It doesn't take a "bass" hookset to hook a crappie. I saw a few misses by obvious bass anglers who raised their rods too fast and hard to hook these "papermouths." This wasn't necessary and more often than not ended in a missed fish. This is especially true during warmer months, when a crappie's mouth becomes even softer due to the rising temperatures. Keeping pressure on the fish with a raised rod is all that is necessary to be productive.

For professional angler Kyler Beckmann, a leading angler on the American Crappie Trail, this was his first time on Reelfoot Lake, yet he was extremely adept at finding and directing anglers to the crappie. His home waters are Truman Lake and Lake of the Ozarks in Missouri, where he guides full time.

Beckmann advises having a variety of jigs from 2 inches down to size 10, and he sticks with natural colors. In fall and winter, he likes shad patterns. In the spring, he goes to browns and beiges. Covering a lot of water is the key to finding big fish.

"To catch a crappie of a lifetime, February is the month to do it," Beckmann said.

In most instances, we found that the suspended crappie were facing upward. They often looked like letter V's as they clung close to tree trunks. The fish suspended a few feet off the bottom seemed to be more actively feeding. Those staying close to the bottom were not as interested.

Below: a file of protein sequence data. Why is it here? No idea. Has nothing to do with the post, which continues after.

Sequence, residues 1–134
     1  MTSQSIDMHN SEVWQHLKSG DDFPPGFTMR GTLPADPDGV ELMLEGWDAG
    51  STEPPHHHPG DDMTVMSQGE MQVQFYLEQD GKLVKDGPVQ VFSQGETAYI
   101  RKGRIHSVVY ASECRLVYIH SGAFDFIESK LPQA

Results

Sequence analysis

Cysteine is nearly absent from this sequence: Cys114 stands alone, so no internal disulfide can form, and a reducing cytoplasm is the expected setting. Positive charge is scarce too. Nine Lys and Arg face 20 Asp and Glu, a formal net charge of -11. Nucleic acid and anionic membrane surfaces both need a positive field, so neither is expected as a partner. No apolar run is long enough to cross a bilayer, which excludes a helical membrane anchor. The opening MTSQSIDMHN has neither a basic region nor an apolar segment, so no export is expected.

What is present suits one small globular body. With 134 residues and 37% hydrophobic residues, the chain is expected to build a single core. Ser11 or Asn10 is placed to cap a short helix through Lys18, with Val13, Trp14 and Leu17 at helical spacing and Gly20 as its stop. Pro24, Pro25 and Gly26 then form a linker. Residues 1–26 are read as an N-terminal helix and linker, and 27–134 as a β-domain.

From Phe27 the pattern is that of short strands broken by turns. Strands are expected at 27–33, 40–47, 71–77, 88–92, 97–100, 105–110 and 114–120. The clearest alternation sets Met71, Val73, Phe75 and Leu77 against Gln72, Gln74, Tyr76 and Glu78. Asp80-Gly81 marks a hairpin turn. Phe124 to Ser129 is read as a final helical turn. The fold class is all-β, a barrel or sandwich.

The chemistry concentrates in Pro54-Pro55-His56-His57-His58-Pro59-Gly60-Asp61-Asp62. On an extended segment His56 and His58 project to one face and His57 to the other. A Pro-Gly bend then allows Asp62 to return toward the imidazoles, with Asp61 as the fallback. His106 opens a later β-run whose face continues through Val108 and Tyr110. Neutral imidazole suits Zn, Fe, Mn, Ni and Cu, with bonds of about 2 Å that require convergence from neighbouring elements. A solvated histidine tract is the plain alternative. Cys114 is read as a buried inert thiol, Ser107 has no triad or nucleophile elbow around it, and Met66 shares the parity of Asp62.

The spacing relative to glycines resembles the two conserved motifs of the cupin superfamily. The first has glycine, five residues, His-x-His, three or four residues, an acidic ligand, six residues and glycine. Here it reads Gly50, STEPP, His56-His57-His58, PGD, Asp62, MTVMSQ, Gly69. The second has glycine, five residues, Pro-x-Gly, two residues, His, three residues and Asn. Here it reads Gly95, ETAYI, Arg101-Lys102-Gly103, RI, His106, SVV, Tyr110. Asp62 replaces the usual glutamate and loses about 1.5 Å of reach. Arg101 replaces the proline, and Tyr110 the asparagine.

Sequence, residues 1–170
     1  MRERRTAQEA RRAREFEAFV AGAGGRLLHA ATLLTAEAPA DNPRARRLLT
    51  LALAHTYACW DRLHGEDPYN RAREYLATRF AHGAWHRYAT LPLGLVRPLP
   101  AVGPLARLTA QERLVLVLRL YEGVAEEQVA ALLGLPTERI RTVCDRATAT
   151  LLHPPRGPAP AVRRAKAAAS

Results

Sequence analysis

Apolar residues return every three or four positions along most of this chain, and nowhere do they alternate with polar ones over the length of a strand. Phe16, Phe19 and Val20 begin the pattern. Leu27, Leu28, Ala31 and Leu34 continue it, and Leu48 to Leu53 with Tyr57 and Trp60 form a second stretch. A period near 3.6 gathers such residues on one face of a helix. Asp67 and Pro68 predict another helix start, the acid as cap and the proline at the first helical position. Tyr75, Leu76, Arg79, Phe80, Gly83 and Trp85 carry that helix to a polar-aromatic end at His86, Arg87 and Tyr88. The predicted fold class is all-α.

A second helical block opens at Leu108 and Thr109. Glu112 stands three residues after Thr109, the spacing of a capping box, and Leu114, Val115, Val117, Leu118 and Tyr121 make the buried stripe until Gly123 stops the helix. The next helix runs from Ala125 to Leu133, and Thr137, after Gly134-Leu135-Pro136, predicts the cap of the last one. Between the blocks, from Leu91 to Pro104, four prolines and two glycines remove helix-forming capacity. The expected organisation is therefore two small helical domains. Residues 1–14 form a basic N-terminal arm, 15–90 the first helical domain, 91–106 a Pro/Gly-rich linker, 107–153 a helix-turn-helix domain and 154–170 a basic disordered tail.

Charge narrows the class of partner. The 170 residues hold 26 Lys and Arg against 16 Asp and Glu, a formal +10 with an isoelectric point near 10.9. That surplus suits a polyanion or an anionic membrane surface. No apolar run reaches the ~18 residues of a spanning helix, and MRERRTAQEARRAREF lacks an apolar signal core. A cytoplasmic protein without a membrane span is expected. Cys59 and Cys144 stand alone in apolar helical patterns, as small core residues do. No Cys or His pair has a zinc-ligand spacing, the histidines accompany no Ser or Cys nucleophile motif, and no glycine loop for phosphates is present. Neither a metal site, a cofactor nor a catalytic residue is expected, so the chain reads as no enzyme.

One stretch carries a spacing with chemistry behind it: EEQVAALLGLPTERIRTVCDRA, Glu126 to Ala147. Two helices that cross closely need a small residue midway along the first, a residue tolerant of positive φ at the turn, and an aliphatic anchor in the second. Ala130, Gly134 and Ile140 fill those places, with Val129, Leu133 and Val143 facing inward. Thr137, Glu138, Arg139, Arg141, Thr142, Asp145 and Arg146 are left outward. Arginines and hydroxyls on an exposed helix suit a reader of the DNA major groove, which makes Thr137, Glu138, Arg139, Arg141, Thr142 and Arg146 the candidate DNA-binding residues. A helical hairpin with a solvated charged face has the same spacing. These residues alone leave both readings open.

Crappie Destination
February is a great month to hit Reelfoot for slab-sized crappie. (Photo by Polly Dean)

A requirement for crappie success is to keep movement of the lure minimal and slow. No sudden or extreme movements at all, or the crappie are gone in a flash, as we witnessed with the Livescope electronics. This was particularly challenging as the boat bobbed with the moderate winds and choppy waters while anchored over cypress stumps. Keep the lure still, or at least as still as possible. Slight movements are recommended, though, to keep fish interested. In choppy waters, we noticed a bit of a boat-slapping noise that did seem to run the fish off.

What Else to Do

Reelfoot Lake has a unique story in its formation, caused by an earthquake in the early 1800s. A depression was formed in which the Mississippi River flowed backwards to fill and create the lake. It is relatively shallow, ranging in most areas from 14 to 17 feet deep.

Blue Bank Resort
Blue Bank Resort on the shores of Reelfoot Lake in Tennessee, is the ideal lodge for crappie anglers. (Photo by Polly Dean)

On the shore of Reelfoot Lake is a fishing and hunting lodge that has hosted generations of outdoor enthusiasts. Blue Bank Resort ( consists of a lodge that is rustic in decor, but modern in its amenities, featuring comfortable rooms, cabins, condos and even a house to accommodate family or any size group.

The Fishhouse Grill Restaurant, located on the property, caters to groups large and small, serving locally sourced foods with a number of the ingredients grown in their own garden. They have an inviting outdoor patio for dining and enjoying the fire pits on a cool evening. The resort has a selection of fishing guides available. Largemouth bass and panfish are also favorites of anglers on the lake. Crappie are an especially popular target and catchable year-round.

Successful crappie anglers depend on reliable equipment and gear such as these:

For electronics needs: Cornfield Fishing Gear (, All Aboard Marine (; All crappie-fishing needs from boat rigging to fishing gear: PTG Outdoors (; Lithium marine batteries: Skinny Water Marine (; Rods and lures: Probuilt Jigs (, Crappie Monster (, Ozark Rods (, Sore Mouth Tackle (